The Declaration of Independence, written in Philadelphia in 1776 after months of debate and negotiation, contains a beautiful statement of principle. It was “heard around the world” and it continues to resonate with people today. “We hold these truths to be self-evident, that all men are created equal, that they are endowed by their Creator with certain unalienable Rights, that among these are Life, Liberty and the pursuit of Happiness.” It is an uplifting concept—recognizing, of course, shared equality in the eyes of the law and before our Creator. Yet from that starting point, equality often seems to evaporate.
As the lives of people unfold, individual outcomes are often very unequal. Accomplishments, contributions to society, levels of economic prosperity, and interpersonal relationships vary widely. Why is this so? It often boils down to the choices that people make in their daily lives.
A truism opines, “The quality of your choices determines the quality of your life.” Certainly, some things are beyond our control, and we may have problems thrust upon us when least expected. Even then, our reaction to adversity often determines the extent of it.
Philosophers wax eloquent and motivational experts make the speaking circuit with sage advice, usually for a fee. Yet a source, often overlooked, contains a wealth of information, wisdom, and understanding regarding many subjects that affect a person’s ability to be happy and achieve prosperity.
As the ancient Israelites were delivered from centuries of bondage in Egypt, God, through Moses, gave the Ten Commandments—rules for living that would gradually guide them to peace and prosperity. Yet He allowed human beings to be free moral agents—that is, He did not force obedience, but promised to provide for and protect those who obey these spiritual laws. It was their choice, and from the beginning, the Israelites were reluctant to obey and often suffered the consequences of their poor choices.
God’s instructions were very plain. He said, “I call heaven and earth as witnesses today against you, that I have set before you life and death, blessing and cursing; therefore choose life, that both you and your descendants may live….” (Deuteronomy 30:19). Later, Joshua, who succeeded Moses, challenged the people as they prepared to go into the land of promise: “Now therefore, fear the Lord, serve Him in sincerity and in truth, and put away the gods which your fathers served on the other side of the River and in Egypt. Serve the Lord! And if it seems evil to you to serve the Lord, choose for yourselves this day whom you will serve, whether the gods which your fathers served that were on the other side of the River, or the gods of the Amorites, in whose land you dwell. But as for me and my house, we will serve the Lord” (Joshua 24:14–15). Sadly, the people often made the wrong choice, with disastrous results.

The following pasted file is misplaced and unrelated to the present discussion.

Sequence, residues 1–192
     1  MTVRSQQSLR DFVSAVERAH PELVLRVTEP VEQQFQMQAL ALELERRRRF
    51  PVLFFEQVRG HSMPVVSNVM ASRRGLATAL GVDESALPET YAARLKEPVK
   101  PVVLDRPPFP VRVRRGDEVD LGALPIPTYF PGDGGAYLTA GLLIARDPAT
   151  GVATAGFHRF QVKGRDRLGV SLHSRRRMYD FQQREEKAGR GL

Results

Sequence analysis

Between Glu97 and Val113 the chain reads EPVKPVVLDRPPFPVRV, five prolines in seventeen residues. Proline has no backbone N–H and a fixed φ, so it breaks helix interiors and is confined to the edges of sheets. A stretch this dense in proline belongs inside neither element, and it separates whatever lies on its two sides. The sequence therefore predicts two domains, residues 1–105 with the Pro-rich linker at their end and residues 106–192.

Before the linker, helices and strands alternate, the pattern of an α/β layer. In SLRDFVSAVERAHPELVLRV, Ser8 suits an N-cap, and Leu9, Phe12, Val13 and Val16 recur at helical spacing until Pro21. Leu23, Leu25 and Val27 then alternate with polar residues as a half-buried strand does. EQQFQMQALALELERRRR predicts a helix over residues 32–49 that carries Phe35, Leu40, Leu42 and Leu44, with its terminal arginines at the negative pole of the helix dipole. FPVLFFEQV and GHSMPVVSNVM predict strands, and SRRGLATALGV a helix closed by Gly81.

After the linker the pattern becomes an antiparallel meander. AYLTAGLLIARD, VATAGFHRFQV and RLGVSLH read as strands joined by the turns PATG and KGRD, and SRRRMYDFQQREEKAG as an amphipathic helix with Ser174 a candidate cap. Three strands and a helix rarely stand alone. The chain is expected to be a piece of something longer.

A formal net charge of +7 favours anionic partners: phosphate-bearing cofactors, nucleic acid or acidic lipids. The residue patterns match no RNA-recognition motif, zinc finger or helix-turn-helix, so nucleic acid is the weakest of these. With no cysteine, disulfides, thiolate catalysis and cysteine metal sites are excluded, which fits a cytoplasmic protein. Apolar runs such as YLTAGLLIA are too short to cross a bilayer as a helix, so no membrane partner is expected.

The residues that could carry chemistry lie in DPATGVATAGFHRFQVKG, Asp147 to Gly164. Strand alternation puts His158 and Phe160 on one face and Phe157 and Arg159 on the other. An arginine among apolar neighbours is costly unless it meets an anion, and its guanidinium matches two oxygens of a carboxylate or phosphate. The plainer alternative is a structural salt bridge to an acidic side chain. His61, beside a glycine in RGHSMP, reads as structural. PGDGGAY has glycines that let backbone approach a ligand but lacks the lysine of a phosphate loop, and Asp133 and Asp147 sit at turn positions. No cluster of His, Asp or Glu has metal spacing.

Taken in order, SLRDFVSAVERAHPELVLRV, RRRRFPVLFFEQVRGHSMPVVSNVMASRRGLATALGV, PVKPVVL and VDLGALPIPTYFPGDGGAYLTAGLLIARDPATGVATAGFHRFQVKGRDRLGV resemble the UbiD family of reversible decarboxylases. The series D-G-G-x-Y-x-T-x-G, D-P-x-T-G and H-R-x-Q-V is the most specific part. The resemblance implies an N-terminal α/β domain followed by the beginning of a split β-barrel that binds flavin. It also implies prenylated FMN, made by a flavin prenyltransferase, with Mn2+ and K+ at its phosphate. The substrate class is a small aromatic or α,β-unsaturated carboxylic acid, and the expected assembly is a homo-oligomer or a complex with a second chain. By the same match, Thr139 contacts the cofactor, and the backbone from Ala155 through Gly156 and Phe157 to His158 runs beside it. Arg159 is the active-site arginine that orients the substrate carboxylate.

Solomon, wise king of Israel, wrote the Book of Proverbs, which contains pithy nuggets of wisdom designed to make the simple wise. These proverbs are wisdom distilled, and can help one analyze situations involving personal relationships, finance, temperance in food and drink, and what to pursue and avoid while making life’s choices. Everyone, young or old, will find sound advice and instruction in these verses. For example, the importance of one’s choice of friends is emphasized in Proverbs 12:26: “The righteous should choose his friends carefully, for the way of the wicked leads them astray.”
In the New Testament, we find an example of a woman who made the right choice when Jesus came to her place for a visit.
Now it happened as they went that He entered a certain village; and a certain woman named Martha welcomed Him into her house. And she had a sister called Mary, who also sat at Jesus’ feet and heard His word. But Martha was distracted with much serving, and she approached Him and said, “Lord, do You not care that my sister has left me to serve alone? Therefore tell her to help me.” And Jesus answered and said to her, “Martha, Martha, you are worried and troubled about many things. But one thing is needed, and Mary has chosen that good part, which will not be taken away from her” (Luke 10:38–42).
Mary seized the moment to be near Jesus and learn from him, while less important things distracted her sister.
Daily, each of us have choices to make that determine our course in this life and the life to come. Have you made the choice of Joshua and Mary—to obey God, learning and growing in this age as we prepare for His Kingdom? This requires setting right priorities and determining what is truly important in life. Jesus made it plain in Matthew 6:33, where He acknowledged the basic need for food, clothing, and shelter, but admonished His followers to “seek first the kingdom of God and His righteousness, and all these things shall be added to you.”
It’s your choice.